Nick Schroeder Nick Schroeder - 2 months ago 47
Node.js Question

Find by ISODate using Node.js, Express, and MongoDB

I'm using Node.js and Express on a webserver to query MongoDB on a dbserver and running into a problem getting the dates to work together, I've read a bunch of threads here about the problem, most notably this one:

Inserting and Querying Date with MongoDB and Nodejs

I'm pretty sure I understand what I'm supposed to be doing, but nothing I try seems to work.

In my .js file, I have the following:

var todayStart = new Date();
todayStart.setSeconds(0);
todayStart.setHours(0);
todayStart.setMinutes(0);
todayStart.setMilliseconds(0);

var todayEnd = new Date(todayStart);
todayEnd.setHours(23);
todayEnd.setMinutes(59);
todayEnd.setSeconds(59);
todayEnd.setMilliseconds(999);

var query = {
"date": {
$gte: new Date(todayStart).toISOString(),
$lte: new Date(todayEnd).toISOString()
}
};


My query var outputs to the console in the format I expect:

{ date:
{ '$gte': '2016-09-13T00:00:00.000Z',
'$lte': '2016-09-13T23:59:59.999Z' }
}


I attempt to use either my query variable or the date vars themselves, and both return a result of null (no errors):

db.collection('test').findOne(query, function(err, result) {
db.collection('test').findOne({"date" : {$gte: new Date(todayStart).toISOString(),$lte: new Date(todayEnd).toISOString() }}, function(err, result) {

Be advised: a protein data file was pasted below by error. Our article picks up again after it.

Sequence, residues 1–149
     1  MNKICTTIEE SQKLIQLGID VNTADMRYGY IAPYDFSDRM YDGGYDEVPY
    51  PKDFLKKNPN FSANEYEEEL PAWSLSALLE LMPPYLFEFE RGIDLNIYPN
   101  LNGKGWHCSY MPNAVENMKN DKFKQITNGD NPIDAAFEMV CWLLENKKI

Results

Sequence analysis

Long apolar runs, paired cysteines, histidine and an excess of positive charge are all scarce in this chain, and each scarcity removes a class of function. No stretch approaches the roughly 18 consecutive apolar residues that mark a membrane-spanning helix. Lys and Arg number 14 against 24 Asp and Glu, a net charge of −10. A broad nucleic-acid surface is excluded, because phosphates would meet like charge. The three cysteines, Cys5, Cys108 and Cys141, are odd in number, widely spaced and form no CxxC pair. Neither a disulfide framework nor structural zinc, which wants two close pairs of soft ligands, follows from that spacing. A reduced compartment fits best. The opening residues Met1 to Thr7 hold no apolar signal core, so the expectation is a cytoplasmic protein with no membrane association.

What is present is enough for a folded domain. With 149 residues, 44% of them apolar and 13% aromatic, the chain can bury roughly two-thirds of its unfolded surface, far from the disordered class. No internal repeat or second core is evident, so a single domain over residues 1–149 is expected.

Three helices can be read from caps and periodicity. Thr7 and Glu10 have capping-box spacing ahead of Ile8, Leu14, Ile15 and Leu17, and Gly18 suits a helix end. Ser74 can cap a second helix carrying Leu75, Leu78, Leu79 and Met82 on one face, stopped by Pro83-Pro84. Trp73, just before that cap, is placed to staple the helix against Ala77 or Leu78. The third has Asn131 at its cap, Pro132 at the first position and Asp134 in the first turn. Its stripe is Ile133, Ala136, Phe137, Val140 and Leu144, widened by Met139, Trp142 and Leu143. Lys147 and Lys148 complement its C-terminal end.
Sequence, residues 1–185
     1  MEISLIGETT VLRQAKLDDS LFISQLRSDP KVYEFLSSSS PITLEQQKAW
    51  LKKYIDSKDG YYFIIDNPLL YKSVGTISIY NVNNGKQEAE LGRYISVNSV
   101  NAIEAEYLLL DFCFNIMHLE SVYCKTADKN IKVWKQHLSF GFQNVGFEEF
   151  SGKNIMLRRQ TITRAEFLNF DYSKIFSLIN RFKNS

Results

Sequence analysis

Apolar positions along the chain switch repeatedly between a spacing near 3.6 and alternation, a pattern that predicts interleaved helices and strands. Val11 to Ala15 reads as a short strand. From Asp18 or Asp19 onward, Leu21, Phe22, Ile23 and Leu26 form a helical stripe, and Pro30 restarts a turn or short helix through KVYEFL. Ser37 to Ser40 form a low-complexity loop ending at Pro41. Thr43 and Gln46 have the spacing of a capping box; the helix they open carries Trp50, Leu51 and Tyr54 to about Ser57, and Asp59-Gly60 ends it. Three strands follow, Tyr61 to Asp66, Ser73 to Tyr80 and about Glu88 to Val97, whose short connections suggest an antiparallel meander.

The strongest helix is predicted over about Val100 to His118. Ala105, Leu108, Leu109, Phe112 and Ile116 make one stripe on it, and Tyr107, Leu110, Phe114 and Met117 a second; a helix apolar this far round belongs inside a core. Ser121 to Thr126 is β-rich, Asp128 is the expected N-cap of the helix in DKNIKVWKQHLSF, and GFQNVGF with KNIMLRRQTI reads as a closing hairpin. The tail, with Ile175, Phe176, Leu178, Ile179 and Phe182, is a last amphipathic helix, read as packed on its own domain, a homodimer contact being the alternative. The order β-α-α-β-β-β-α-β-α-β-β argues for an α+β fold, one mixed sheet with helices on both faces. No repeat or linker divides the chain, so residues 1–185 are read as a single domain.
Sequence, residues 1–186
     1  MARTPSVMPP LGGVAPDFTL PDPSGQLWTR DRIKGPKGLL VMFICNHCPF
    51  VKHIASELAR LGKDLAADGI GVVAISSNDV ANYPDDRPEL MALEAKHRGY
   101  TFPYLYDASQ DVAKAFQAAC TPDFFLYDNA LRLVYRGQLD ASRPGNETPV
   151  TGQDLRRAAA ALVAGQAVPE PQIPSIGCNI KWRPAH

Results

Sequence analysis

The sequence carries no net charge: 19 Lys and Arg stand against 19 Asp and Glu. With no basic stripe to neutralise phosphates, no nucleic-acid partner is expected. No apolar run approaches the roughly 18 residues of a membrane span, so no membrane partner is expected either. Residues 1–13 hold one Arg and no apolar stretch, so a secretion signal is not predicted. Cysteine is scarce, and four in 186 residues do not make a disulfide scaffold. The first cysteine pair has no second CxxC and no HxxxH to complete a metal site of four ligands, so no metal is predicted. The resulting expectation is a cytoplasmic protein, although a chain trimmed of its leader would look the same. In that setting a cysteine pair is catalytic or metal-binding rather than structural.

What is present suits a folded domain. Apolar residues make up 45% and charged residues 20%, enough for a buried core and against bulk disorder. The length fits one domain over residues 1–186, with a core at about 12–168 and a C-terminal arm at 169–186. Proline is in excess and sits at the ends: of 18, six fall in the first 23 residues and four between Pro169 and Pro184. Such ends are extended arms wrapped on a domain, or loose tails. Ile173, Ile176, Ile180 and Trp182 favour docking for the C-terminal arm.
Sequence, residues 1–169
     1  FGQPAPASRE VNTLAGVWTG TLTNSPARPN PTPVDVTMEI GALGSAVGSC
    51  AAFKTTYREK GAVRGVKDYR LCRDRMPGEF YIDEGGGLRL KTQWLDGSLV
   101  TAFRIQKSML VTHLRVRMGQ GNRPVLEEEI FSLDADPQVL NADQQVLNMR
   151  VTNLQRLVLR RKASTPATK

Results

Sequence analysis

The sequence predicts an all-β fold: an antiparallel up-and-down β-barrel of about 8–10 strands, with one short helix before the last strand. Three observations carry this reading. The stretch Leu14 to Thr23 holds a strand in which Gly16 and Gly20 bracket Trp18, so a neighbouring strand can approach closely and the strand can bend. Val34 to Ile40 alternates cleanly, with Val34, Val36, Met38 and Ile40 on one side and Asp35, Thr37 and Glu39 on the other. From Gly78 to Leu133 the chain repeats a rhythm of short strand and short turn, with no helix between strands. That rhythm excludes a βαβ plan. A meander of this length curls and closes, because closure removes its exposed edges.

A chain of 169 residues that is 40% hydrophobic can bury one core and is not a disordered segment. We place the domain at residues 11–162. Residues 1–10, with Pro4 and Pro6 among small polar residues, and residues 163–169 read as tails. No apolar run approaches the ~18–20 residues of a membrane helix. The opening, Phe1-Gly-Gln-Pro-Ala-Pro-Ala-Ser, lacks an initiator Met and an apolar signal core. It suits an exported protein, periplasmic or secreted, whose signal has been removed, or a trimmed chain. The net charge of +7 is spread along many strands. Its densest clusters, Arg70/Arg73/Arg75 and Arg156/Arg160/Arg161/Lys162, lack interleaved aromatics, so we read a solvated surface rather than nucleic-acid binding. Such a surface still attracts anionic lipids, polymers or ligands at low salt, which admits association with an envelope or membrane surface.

However if I just plug in my dates like so, it returns my result:

db.collection('test').findOne({"date" : {$gte: new Date("2016-09-13T00:00:00.000Z"),$lte: new Date("2016-09-13T23:59:59.999Z") }}, function(err, result) {


Any idea what I'm missing here?

Answer

No need to cast the dates to an ISO string format, just query using the JS dates. For a detailed explanation why, refer to the documentation.

Your start date object should hold the current date time hours at 00:00:00.000 (milliseconds precision) and set the hours for today's date to 23:59:59.999 to the end date variable:

var todayStart = new Date();
todayStart.setHours(0,0,0,0);

var todayEnd = new Date();
todayEnd.setHours(23,59,59,999);

var query = {
    "date": {
        $gte: todayStart,
        $lte: todayEnd
    }
};

db.collection('test').findOne(query, function(err, result) {
    if (err) throw new Error();
    console.log(JSON.stringify(result));
});

If you are using the momentjs library, this can be done by using the startOf() and endOf() methods on the moment's current date object, passing the string 'day' as arguments:

var todayStart = moment().startOf('day'); // set to 12:00 am today
var todayEnd = moment().endOf('day'); // set to 23:59 pm today